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September 2, 2011 11:30 AM   Subscribe

First published in 1691 in London, The Athenian Mercury was the original supplier of answers to readers' questions, a format much imitated since. Queries on love, science, religion, literature and anything else people thought to ask about, were answered by The Athenian Society, members being publisher John Dunton and three of his friends. Athenian Mercury Project is a blog where Dr. Laura Miller publishes questions and answers from the The Athenian Mercury and The Awl has an occasional series where they trawl through the archive (1, 2, 3, 4). Both of these places are good places to start, but if they aren't enough, The Athenian Oracle: Being an Entire Collection of All the Valuable Questions and Answers in the Old Athenian Mercuries, is available on Google Books for free perusal, searching and download. Well, almost all, sadly enough volume one is nowhere to be found, but it does contain volumes two, three, four and a supplement (which includes a lengthy history of The Athenian Society). In addition to that, there is Athenian Sport, a collection of paradoxes debated by The Athenian Society. The questions asked by 17th Century Londoners should be familiar to those of us who read Ask MetaFilter.
posted by Kattullus (23 comments total) 55 users marked this as a favorite

 
If you don't want to use the Google Books download thingy, you can also simply download a PDF of the book. The download link should be in the upper right corner.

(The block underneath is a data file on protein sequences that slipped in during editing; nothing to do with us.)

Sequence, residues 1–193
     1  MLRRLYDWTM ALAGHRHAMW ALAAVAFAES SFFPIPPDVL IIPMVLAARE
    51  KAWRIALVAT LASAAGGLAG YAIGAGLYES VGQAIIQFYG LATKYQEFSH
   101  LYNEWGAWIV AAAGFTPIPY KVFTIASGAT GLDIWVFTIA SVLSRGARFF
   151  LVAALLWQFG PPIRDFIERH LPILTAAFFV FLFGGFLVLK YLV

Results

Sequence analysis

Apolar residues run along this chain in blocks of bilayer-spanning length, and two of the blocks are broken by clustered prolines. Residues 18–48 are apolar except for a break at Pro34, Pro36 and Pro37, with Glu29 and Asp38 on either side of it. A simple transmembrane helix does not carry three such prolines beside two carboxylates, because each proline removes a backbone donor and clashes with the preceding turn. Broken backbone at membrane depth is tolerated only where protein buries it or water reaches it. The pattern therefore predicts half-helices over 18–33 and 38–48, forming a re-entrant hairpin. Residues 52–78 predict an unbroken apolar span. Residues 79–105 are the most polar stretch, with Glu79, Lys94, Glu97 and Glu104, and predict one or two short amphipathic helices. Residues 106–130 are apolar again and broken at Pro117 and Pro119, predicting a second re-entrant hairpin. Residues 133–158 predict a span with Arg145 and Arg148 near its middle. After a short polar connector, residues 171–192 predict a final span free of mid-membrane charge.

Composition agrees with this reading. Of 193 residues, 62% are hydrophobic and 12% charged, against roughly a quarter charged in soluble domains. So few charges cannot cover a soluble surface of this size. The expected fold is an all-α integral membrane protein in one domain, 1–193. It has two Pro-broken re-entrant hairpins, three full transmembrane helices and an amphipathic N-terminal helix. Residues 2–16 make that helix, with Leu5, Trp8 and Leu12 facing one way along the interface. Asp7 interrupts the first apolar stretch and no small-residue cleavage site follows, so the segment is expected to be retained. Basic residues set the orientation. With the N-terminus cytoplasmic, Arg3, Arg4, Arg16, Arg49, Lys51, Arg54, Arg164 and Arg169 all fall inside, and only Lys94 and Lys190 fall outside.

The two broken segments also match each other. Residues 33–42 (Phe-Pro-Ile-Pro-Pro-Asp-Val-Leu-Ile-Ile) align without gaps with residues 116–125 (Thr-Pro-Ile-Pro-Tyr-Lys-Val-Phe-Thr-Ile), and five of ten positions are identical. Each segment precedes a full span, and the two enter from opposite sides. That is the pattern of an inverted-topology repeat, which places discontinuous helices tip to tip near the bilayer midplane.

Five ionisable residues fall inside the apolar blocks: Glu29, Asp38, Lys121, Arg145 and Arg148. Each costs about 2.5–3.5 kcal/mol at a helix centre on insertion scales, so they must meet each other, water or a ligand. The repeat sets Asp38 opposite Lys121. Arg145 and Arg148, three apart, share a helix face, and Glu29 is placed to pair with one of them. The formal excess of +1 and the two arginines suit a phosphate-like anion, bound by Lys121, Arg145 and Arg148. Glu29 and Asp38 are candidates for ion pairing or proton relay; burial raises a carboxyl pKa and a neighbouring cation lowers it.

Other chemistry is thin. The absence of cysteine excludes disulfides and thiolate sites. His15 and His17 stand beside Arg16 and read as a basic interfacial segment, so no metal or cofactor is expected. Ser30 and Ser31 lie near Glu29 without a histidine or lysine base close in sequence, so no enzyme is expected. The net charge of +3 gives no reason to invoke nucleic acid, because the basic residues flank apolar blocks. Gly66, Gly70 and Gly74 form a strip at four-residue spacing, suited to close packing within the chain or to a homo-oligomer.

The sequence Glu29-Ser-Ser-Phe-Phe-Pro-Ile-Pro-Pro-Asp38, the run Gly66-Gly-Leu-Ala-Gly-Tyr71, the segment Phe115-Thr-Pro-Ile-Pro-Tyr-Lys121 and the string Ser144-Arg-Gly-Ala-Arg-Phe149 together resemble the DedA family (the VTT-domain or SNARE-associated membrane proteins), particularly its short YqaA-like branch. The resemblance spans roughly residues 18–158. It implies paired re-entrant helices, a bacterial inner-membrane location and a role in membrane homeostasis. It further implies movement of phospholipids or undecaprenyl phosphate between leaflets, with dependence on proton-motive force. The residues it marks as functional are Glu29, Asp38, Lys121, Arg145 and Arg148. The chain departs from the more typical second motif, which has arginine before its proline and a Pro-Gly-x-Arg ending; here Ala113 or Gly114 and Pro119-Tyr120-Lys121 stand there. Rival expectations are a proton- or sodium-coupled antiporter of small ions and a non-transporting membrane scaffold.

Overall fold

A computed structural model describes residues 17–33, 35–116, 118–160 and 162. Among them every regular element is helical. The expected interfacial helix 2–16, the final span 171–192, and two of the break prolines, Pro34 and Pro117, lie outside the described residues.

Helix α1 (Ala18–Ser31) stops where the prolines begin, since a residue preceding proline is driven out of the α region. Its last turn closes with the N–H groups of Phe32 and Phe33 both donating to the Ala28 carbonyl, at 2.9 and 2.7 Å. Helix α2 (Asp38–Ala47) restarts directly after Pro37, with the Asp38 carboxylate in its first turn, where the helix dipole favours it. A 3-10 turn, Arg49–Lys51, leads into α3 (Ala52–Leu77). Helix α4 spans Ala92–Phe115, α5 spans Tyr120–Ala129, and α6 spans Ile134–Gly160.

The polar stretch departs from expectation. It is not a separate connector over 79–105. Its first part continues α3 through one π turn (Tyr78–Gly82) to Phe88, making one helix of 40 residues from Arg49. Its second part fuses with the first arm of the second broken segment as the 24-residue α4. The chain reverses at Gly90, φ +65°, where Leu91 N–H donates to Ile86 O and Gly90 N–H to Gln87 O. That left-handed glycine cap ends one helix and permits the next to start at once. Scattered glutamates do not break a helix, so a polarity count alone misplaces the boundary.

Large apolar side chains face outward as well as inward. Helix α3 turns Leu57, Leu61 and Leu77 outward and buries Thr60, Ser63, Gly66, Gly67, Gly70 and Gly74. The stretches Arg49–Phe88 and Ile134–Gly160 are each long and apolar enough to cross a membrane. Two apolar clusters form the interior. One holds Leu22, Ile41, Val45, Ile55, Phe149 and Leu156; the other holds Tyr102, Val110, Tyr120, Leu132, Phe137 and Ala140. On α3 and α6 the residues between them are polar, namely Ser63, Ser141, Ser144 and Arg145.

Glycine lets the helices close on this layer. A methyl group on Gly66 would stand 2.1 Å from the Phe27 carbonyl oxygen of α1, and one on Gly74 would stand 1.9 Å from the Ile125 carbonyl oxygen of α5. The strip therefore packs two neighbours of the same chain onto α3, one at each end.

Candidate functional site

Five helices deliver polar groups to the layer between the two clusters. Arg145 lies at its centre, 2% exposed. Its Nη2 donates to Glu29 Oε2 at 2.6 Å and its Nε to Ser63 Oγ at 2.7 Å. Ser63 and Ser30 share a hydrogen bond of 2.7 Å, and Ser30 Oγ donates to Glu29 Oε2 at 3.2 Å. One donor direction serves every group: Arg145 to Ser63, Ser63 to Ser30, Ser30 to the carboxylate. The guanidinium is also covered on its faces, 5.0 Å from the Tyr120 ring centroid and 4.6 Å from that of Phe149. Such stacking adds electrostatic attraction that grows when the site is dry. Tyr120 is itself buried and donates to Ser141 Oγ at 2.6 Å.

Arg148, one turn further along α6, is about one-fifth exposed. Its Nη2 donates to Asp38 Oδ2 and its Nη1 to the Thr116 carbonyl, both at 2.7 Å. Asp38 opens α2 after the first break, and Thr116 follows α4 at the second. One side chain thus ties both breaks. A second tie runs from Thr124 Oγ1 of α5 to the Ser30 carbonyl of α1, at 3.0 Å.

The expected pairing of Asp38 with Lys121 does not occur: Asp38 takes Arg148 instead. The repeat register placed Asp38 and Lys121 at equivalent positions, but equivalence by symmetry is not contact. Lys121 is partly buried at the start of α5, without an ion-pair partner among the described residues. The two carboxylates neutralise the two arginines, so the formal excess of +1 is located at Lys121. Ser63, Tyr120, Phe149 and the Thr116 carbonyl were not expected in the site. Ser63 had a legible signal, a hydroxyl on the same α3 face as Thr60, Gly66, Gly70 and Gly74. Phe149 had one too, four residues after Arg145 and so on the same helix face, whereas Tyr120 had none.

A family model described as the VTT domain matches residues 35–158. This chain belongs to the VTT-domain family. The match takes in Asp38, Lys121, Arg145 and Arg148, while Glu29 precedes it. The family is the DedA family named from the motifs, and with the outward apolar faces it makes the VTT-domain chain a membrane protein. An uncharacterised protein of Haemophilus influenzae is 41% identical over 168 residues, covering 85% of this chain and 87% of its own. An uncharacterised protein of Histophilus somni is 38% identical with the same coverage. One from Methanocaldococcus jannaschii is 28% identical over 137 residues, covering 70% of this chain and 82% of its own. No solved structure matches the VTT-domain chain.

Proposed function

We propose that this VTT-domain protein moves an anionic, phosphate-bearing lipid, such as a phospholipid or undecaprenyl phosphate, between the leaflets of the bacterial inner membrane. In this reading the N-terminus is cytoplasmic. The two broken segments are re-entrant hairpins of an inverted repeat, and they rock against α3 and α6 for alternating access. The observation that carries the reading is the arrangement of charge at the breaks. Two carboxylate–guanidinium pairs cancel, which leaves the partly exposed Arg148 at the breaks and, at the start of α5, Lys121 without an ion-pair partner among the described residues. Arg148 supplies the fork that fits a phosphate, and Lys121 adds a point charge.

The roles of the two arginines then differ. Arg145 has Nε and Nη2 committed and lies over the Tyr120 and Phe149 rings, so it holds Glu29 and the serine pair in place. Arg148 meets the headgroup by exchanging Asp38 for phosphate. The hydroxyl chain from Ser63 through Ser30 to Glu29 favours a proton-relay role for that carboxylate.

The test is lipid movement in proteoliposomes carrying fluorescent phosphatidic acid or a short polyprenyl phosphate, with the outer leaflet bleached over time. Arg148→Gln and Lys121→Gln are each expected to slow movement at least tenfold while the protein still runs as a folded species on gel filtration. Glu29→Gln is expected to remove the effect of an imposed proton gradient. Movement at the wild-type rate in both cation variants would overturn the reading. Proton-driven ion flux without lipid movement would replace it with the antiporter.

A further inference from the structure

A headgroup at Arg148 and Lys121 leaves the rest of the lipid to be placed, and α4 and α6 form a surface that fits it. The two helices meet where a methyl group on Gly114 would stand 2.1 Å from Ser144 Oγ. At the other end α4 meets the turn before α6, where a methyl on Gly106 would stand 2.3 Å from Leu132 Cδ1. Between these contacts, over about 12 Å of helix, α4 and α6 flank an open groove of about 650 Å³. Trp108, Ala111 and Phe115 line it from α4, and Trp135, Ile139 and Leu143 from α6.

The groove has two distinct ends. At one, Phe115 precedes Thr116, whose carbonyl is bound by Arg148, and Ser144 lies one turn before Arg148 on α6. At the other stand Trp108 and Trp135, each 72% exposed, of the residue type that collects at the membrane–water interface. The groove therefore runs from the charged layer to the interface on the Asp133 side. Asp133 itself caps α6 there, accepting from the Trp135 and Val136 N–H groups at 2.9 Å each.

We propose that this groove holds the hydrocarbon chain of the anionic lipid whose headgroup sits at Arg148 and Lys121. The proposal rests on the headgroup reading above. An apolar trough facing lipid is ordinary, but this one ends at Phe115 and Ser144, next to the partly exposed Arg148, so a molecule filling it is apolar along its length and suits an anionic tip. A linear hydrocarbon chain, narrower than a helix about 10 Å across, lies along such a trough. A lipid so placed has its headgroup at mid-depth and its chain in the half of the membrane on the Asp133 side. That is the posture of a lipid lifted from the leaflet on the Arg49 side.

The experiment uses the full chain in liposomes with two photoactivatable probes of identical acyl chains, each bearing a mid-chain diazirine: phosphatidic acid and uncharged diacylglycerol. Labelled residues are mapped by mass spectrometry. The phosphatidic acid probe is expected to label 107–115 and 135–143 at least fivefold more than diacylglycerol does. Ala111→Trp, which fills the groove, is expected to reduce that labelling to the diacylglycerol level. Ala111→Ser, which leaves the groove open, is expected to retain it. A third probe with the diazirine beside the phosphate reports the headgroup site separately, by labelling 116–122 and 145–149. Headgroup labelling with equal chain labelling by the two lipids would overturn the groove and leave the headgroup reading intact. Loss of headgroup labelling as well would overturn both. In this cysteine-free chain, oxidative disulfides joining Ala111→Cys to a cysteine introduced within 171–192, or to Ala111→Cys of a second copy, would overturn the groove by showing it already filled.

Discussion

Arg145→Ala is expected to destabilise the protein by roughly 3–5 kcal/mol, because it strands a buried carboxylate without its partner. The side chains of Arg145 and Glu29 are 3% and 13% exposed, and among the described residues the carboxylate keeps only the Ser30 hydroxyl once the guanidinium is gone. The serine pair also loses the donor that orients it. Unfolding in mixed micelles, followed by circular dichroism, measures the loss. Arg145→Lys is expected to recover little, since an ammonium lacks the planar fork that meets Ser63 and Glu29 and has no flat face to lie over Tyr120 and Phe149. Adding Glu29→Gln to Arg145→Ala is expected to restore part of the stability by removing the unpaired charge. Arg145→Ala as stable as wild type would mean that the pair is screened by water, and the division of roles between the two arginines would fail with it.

posted by Kattullus at 11:41 AM on September 2, 2011


Has English changed so much since the 1700's? I can read the words, but the questions are close to being indecipherable:

Quest. 10. Whether stones are porous?

Answ. There is no sort of earth, stones or minerals, but are porous. Gold is the closest body, and yet we find it may be contracted into a lesser room, and also refined.


WTF? What the hell does this mean? Stones are not porous, ok, I'll along with that but what doe they mean by "gold is the closest body" and "it may be contracted into a lesser room"? That gold shrinks when cooled? Or that it shrinks when melted? And what does refining have to do with anything?

The answer raises more questions than it answers.
posted by GuyZero at 11:42 AM on September 2, 2011


Gold is dense, yet can be compressed.
posted by MrMoonPie at 11:45 AM on September 2, 2011 [2 favorites]


I came across the Athenian Mercury back in my grad school days, just sitting in the stacks, available for checkout, at the Emory University library. I remember an article about conjoined twins--this is close, but not it. I remember queries written in poetry, and answered in poetry. Lovely thing.
posted by MrMoonPie at 11:49 AM on September 2, 2011


"There is no sort of earth, stones or minerals, but are porous," indicates, I think, that ALL stones and earth and minerals and lions and tigers and bears are porous, GuyZero.

Did anyone think to ask back then why the Porridge Bird lays its eggs in the air?
posted by Kinbote at 11:49 AM on September 2, 2011 [2 favorites]


Metafilter: dense, yet can be compressed.
posted by GenjiandProust at 11:50 AM on September 2, 2011